Many years ago I had a cat named Loki. He earned that name. He was fiercely mischievous, often wreaking havoc in the middle of the night.
One night, he knocked my mother’s old sugar bowl off the counter, breaking the lid into a couple of pieces. The bowl meant a great deal to me as it represented a small piece of my family history. I glued it back together and now, when I see that imperfect lid, with its crack lines and the yellowing glue, I remember both my mom as she was then, and that crazy cat.
The object has become more meaningful with the damage.
This week’s Torah portion has a piece of that broken sugar bowl. The portion describes how Moses is on Mount Sinai speaking with God about how things will go. When he returns, carrying the first set of Commandments, which were written by God, Moses encounters the Israelites celebrating the golden calf they created in his absence. Moses is enraged at the blasphemy he witnesses, and he smashes those tablets.
Later in the portion, God instructs Moses to inscribe the second set of tablets.
But whatever happened to that smashed first set? The ones actually written by the Divine? There is a study written long after that time which suggests that the broken pieces were placed into the Ark of the Covenant, along with the second set. It would make sense to keep things written by the Divine. They would serve perhaps as a warning and sign of hope. The warning would be of the consequences that humans can destroy even godly things.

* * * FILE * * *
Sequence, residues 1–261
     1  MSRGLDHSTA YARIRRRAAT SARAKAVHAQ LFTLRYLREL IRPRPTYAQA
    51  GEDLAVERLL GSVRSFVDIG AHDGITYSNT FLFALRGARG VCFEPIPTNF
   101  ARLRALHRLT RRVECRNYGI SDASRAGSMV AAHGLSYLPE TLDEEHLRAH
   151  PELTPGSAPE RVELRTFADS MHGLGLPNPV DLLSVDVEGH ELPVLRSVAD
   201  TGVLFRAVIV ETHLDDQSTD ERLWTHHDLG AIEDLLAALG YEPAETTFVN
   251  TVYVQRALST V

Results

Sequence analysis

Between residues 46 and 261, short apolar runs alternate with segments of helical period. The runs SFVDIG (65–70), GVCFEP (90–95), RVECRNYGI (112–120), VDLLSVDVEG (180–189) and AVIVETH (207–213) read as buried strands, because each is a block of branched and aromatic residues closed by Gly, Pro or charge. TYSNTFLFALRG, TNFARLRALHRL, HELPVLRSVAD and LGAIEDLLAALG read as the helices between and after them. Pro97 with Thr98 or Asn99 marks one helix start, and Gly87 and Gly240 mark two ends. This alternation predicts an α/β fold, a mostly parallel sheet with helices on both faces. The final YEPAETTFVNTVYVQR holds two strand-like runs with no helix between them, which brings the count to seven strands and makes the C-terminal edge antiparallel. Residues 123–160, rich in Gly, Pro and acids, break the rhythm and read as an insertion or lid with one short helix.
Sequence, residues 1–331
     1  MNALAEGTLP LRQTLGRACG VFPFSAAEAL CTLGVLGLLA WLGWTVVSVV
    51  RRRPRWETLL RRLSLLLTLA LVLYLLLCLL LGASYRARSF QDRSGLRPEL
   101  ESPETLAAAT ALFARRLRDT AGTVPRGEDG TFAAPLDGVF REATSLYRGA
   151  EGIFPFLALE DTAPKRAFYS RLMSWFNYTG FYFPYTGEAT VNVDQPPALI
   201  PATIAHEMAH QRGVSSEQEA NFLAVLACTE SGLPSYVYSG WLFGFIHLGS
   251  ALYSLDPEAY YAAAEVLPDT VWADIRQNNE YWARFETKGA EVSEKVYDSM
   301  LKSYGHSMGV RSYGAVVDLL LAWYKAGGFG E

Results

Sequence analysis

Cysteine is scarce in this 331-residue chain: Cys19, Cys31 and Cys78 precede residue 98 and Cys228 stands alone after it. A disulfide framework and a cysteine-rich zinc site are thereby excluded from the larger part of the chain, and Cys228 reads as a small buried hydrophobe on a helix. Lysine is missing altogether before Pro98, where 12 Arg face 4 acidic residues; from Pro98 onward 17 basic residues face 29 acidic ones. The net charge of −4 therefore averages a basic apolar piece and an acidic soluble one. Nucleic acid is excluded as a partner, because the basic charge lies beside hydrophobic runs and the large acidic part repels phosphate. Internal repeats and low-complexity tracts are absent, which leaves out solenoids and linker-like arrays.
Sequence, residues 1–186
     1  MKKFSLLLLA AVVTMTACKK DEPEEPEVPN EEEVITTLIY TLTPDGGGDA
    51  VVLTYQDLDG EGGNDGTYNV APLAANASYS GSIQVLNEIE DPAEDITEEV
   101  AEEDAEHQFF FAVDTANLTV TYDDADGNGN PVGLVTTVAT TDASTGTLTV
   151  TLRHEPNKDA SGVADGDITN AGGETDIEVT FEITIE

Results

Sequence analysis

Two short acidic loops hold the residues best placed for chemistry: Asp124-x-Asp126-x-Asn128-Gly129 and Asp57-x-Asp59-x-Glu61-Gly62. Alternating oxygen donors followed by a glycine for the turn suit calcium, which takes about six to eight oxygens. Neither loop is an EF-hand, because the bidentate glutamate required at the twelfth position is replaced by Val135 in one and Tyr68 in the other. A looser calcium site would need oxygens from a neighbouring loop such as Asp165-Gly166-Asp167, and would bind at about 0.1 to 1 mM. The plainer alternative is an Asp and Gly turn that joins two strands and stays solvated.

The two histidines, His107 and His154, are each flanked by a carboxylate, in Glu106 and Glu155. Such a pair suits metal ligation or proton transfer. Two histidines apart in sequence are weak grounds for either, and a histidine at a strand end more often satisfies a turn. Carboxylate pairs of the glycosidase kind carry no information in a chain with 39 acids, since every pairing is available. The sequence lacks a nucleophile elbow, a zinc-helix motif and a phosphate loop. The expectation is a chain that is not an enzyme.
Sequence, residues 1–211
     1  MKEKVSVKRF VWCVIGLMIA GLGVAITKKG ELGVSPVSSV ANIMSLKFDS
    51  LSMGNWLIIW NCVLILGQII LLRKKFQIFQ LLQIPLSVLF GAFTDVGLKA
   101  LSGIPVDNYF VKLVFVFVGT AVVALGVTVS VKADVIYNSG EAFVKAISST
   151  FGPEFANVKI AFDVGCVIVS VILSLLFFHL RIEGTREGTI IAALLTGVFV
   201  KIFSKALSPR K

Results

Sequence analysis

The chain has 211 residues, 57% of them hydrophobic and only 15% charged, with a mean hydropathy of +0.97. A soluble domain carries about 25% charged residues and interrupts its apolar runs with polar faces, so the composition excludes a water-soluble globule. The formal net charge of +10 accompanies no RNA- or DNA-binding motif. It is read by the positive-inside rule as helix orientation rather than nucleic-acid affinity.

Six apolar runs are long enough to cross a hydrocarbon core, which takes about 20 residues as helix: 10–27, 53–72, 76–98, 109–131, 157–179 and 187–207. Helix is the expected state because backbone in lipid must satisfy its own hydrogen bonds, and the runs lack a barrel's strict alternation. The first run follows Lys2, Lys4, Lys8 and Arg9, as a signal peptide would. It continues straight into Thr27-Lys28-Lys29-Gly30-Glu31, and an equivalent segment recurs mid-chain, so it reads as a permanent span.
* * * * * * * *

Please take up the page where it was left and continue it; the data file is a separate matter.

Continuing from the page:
The sign of hope is that those imperfect shards have enough meaning to be in close association with the Covenant of God.
We are not perfect people. But just as the Israelites gathered up those shards broken in anger and kept them safe, so has God kept us. We are in the presence of the Divine every day, surrounded by the air and environment created so long ago and evolving around us, even as we adapt and evolve though time. Remember, we have moved from lives lit by candles and powered by horses, to a people with an amazing array of technology that allows us to communicate and travel, virtually and literally, as never before.
We are not a perfect people. As we witness the Olympics play out with highly trained athletes striving for gold medals, we will see perfect 10s given. But, no matter how well the athletes perform, each of them knows that they have room for improvement. They have faith that continued hard work, discipline and practice will lead to a better performance.
We are not perfect people, and most of us are not Olympic athletes. We each carry the flaws and imperfections we’ve accumulated during our time on Earth. Those flaws make us who and what we are. Hopefully, we also carry knowledge and faith of our association with the Divine.
If that is the case, perhaps, with faith and a memory of that association, we can work every day to live closer to that Presence, and strive to live each day as a meaningful blessing in how we treat those we encounter.
Edie Yakutis works with Ritual Life at Temple Solel in Fort Mill. Contact her firstname.lastname@example.org.